SOTO CANO AIR BASE, Honduras –
A team specializing in eye surgery is currently supporting Southern Command engagement strategies and conducting a Medical Readiness Education and Training Exercise at Hospital del Sur, Choluteca, Honduras.
The 18-person Western Regional Medical Command Humanitarian Civic Assistance Eye Surgical Team participating in the MEDRETE has been in place here for three weeks performing a real-world readiness training mission while conducting ophthalmic surgical for the needy.
Managed by U.S. SOUTHCOM since 1989, the MEDRETE program is one of the primary U.S. engagement efforts in the region providing American military health care personnel the opportunity positively impact thousands of people, many of whom may not have had medical care in years, while gaining invaluable experience and developing their skills.
"The team examined more than 600 people from a 500 square mile radius in the southwest region of Honduras, selecting the worst cases from the poorest of the poor for treatment," said Army Dr. (Col.) Darryl Ainbinder, Eye Surgical Team chief.
Doctor Ainbinder said the MEDRETE not only assists the local population by providing medical care, but also assists the nation-building process enhancing relations between the U.S. military and the host nation through positively impacting regional medical infrastructure.
During the three-week-long MEDRETE, the team performed more than 170 eye surgeries, with most of the operations removing cataracts and bringing back sight for many people who hadn't had vision in years.
Doctor Ainbinder said a large percentage of the eye problems treated are results of injury, such as the team's recent treatment of a 6 year-old boy who suffered a significant hemorrhage in the anterior chamber of the eye from a dog bite.
"In the local environment, (injury) is often the end of useful vision, but the patient is doing well with the medical care we're providing currently and avoiding a future life with sight from one eye only," Dr. Ainbinder said.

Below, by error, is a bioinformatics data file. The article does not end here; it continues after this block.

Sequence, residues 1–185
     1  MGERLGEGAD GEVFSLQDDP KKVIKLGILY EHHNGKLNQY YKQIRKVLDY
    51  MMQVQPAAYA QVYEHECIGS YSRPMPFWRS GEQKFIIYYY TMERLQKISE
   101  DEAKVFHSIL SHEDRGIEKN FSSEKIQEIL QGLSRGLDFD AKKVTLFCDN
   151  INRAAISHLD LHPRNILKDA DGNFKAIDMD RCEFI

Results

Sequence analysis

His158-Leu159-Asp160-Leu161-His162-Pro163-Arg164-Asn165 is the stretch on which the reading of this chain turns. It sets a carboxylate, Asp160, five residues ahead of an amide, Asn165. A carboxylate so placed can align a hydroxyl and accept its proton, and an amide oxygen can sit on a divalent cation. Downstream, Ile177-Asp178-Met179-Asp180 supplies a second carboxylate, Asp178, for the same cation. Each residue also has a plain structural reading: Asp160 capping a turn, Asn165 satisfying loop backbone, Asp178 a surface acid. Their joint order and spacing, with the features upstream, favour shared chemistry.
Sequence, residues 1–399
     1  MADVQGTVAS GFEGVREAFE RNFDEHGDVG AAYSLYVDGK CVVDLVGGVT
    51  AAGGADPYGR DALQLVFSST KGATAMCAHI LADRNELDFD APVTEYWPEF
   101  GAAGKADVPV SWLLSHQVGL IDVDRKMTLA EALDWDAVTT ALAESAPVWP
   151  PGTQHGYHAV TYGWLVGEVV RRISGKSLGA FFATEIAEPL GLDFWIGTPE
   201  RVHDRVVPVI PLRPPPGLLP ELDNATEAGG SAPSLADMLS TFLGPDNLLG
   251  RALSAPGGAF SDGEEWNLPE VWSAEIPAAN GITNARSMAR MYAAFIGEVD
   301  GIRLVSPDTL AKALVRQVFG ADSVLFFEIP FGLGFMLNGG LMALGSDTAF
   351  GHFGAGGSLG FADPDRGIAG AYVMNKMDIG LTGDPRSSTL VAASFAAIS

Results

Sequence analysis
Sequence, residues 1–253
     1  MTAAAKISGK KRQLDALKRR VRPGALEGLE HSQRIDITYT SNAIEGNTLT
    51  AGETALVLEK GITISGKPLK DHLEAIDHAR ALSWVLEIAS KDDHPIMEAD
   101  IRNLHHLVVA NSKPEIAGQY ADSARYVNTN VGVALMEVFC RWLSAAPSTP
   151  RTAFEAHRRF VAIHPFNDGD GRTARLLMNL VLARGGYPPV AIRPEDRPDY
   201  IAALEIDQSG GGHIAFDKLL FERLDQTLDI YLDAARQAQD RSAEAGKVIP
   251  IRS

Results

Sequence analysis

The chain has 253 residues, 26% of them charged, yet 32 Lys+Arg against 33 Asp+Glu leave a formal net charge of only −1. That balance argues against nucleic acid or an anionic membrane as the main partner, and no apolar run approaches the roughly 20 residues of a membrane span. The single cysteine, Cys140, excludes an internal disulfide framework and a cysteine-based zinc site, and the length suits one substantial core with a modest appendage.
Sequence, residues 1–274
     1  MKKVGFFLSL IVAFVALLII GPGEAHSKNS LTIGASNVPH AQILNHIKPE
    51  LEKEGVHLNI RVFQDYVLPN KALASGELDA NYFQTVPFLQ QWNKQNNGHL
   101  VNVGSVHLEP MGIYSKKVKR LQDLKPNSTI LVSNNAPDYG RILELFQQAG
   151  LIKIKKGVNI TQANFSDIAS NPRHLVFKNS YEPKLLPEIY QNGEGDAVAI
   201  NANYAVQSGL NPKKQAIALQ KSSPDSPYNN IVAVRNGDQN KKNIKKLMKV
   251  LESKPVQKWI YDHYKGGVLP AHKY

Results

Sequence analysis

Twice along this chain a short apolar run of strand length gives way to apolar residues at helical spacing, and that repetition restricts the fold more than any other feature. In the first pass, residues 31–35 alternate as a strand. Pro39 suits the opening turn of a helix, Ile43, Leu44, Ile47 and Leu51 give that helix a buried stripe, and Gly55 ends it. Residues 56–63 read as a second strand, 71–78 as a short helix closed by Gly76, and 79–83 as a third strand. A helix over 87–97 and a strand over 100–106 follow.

Doctor Ainbinder explained how many of the patients suffer from the results of systemic illnesses such as Vitamin K deficiency or toxoplasmosis--illnesses that can often be avoided through education and prevention.
"Many of our patients have strabismus (crossed eyes) a birth defect related to systemic prenatal health deficiencies, but identification and treatment empowers the family with the knowledge of what caused the problem in the first place," he said. "Once people are aware of prevention efforts, there is an awareness of the future gained that will last a lifetime."
An ophthalmologist specializing in correcting "crossed eyes," Dr. William Raymond, a retired Army Colonel and staff-member at Madigan Army Medical Center, Ft. Lewis, Wash. has participated in MEDRETEs annually for the last five years.
"It's very satisfying to know how much good we are doing," he said as he accompanied a nine-year-old boy from operating room to recovery. "We work all day long, seven days a week for a month; we do so much good in such a short amount of time...it's very gratifying."
However, this MEDRETE isn't just U.S. military medical personnel treating patients with eye problems. There are also a multitude of Hondurans medical practitioners participating in the exercise.
"We work closely with the local public health professionals, very capable but overwhelmed local ophthalmologist, for follow up care, and we also provide patient evaluations and reports to local pediatricians," Dr. Ainbinder said.
The team is also training the local hospital staff in community education on prevention using ophthalmic presentations focusing on systemic illnesses.
"Hopefully our "Train the Trainer" education program will have a lasting effect on community health initiatives and educate the locals who go out and teach water purification to prevent pediatric diarrhea and proper food handling techniques to prevent Toxoplasmosis," Dr. Ainbinder said.